When everyone had made it down the river, we jumped in the cars and headed off for part two of our adventure for the day - Semuc Champey.  I didnt really understand what this place was having unintentionally left my itinerary in my hotel room in Antigua...I embraced the not-knowing and just rolled with it...and this place blew my socks off!  ok, I wasnt wearing socks but I really did enjoy this place.  We started with a 1km hike to the base of some beautiful falls along a raging river...

then split off for the overlook.  Basically climbing up the side of the valley, we quickly gained elevation until finally emerging at a beautiful overlook with the pools of Semuc Champey glistening below.

Semuc is a unique place in the river where the raging mass of the river actually goes underground (a FREAKY sight!!)

The pools that Semuc is known for are actually above this section...where yet more water streams down from the valley and forests above into natural limestone pools with a very mellow flow of water and gentle falls.  Pictures just don't do it justice but here are a few of mine and stock online pics to share some of the beauty:

 We enjoyed lunch at Semuc and had time for an awesome baptism of a few team members - Ariana and Paul.  It was a beautiful afternoon in a heavenly setting.  As the afternoon began winding down, we started our hike back to the vehicles.

Semuc is a local gem and as such, has it's share of tourism though the remote locale helps keep this number down.  Because there is a lot of cacao grown in the area, local kids can be seen selling pucks of chocolate - fresh roasted and ground up with sugar and flavors. I bought way too many of these and ended up eating a similarly indulgent number but it was just too good.  We hopped back on the SUVs with a few on the roof for good measure and headed back to Lanquin.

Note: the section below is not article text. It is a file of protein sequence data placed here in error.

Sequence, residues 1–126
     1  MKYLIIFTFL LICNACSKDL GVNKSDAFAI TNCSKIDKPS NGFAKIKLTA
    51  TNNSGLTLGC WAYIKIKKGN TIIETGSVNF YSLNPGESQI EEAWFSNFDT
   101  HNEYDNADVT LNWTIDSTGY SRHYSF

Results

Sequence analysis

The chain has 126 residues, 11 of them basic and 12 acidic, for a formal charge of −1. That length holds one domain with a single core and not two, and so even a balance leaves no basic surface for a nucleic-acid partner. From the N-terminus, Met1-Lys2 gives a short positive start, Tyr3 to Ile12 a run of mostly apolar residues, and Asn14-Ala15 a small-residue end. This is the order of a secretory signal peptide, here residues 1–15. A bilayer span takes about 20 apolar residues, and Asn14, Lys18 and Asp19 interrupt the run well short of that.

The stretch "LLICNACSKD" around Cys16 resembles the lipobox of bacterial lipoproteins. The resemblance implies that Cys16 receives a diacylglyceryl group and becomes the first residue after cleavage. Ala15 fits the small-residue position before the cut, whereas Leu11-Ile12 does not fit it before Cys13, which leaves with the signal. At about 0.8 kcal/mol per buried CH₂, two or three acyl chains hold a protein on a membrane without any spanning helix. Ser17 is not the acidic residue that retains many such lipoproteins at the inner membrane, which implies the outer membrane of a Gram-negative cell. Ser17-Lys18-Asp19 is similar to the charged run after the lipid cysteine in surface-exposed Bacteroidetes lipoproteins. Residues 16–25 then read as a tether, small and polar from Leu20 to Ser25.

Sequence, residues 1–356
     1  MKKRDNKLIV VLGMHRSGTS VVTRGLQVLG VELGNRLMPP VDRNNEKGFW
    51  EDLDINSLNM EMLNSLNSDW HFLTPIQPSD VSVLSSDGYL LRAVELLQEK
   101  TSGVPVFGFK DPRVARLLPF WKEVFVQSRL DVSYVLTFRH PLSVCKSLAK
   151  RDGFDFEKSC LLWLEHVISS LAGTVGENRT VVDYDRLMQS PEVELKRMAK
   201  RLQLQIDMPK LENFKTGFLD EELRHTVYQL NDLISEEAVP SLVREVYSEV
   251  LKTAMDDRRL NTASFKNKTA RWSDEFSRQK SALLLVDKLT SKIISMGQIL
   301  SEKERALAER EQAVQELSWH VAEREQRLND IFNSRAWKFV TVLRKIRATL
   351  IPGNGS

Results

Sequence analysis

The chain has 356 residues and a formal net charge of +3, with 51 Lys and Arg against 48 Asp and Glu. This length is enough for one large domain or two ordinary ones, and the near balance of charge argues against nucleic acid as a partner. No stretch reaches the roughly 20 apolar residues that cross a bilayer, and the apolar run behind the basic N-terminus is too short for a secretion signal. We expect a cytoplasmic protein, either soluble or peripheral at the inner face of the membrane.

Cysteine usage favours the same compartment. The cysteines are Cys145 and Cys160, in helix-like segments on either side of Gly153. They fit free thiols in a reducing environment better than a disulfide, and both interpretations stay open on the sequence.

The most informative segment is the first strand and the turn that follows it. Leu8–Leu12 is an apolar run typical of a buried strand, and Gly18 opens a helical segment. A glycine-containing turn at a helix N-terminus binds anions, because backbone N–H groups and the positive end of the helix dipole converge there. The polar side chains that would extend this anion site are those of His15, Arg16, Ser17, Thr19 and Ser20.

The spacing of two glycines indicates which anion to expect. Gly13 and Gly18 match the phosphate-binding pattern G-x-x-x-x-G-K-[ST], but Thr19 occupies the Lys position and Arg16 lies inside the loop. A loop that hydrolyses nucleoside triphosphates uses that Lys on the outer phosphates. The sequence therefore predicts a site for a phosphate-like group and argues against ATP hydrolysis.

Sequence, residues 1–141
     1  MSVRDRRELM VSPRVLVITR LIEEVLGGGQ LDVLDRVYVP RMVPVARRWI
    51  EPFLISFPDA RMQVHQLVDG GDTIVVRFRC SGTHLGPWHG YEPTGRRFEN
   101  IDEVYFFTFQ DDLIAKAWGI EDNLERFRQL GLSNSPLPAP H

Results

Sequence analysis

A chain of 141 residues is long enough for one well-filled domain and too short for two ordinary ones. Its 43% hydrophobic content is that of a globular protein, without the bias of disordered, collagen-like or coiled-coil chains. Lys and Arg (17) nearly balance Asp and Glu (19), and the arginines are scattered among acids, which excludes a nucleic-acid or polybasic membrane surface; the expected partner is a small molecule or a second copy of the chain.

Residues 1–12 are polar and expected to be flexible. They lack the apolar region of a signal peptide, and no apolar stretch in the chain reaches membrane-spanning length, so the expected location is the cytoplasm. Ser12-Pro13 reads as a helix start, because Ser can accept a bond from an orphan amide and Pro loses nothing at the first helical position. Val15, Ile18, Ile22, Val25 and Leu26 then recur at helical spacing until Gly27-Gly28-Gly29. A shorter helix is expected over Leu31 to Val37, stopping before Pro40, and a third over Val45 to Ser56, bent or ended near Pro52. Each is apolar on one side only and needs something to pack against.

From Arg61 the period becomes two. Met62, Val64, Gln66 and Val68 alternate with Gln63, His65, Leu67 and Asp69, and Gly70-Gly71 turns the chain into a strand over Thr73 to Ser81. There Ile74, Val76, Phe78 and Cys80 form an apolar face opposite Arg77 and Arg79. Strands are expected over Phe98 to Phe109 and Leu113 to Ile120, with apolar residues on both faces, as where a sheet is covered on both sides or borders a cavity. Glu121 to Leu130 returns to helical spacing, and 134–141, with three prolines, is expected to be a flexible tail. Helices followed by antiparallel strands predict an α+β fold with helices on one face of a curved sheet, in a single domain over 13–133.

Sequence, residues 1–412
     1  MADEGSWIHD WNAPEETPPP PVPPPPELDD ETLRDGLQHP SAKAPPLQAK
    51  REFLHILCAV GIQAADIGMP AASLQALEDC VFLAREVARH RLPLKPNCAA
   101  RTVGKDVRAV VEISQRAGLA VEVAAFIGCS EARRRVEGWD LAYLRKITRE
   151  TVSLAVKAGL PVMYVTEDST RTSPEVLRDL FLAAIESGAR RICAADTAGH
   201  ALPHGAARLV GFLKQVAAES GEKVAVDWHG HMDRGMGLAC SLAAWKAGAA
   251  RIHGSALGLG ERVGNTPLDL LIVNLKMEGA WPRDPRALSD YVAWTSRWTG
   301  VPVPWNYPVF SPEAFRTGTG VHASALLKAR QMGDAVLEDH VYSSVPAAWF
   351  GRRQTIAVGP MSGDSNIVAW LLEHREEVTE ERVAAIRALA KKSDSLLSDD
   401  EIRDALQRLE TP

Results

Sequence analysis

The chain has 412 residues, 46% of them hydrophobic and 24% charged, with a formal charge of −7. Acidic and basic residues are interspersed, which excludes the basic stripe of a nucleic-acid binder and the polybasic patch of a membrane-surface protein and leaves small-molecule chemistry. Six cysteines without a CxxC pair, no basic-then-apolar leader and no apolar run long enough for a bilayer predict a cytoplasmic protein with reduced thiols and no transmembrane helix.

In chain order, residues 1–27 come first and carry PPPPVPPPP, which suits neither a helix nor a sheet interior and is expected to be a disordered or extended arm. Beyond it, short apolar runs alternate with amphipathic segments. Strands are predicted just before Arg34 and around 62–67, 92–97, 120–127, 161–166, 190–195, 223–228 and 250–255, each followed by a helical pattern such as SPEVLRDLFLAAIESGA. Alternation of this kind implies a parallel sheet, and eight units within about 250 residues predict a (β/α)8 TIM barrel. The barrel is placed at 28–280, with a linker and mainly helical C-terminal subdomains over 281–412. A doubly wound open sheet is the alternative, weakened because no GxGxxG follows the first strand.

The final adventure for the evening was exploring the aforementioned "start of the river".  In reality, this was a few things...the cave where the river comes blasting out of the earth, an underground grotto with fast flowing water (ie, dangerous/don't get pulled under or you die/freezing straight-from-the-earth water) and oh yeah, home to 23 million (plus or minus a few thousand) fruit bats and they were just waking up.  We hike up into the cave along a well defined path (assuming you had a headlamp and we did) about a kilometer before stopping and turning out the lights. Our pal Hugo explained that the Mayans believed this was a holy place where they could pray to the spirits of the underworld. It was essentially an altar and one that was still in use as evidenced by the plethora of candles and soot that lined the walls and ceiling.  It was intense and after some history, we turned out all the lights and sung a few worship songs.  It was an intense pitch that we almost never see.  No stars, no lights, nothing...just black.  our song echoed through the caverns, augmented by the flight of the waking bats.  They fluttered about as we let everything go...nerves on edge by the history of this place...the intense dark...the days events preceding this...and the anticipation of what was to come...and just belted out a few worship songs.  Intense...check out the pic:

Just kidding...but was can't-see-the-hand-in-front-of-your-face dark. After some soothing silence, we hiked back down and split off on an offshoot climbing down a guano covered offshoot down to the grotto.  It was neat seeing the water flowing out of one wall then under a ledge on the other side of the small chamber but I had no desire to get in the water.  A few of the team did and spread lit candles around the chamber.

After the intensity of the grotto and the caverns, I was excited to be near the exit of the caverns again. As dusk turned into night, we sat at the exit of the caverns as the bats rushed out to feed on whatever fruit they could find.  I was blown away by the sheer volume of animals leaving and exhausted from a packed full day of adventure.

The next morning, we packed up and headed out to what would be the majority of the trip, work and emotion in Machaquila...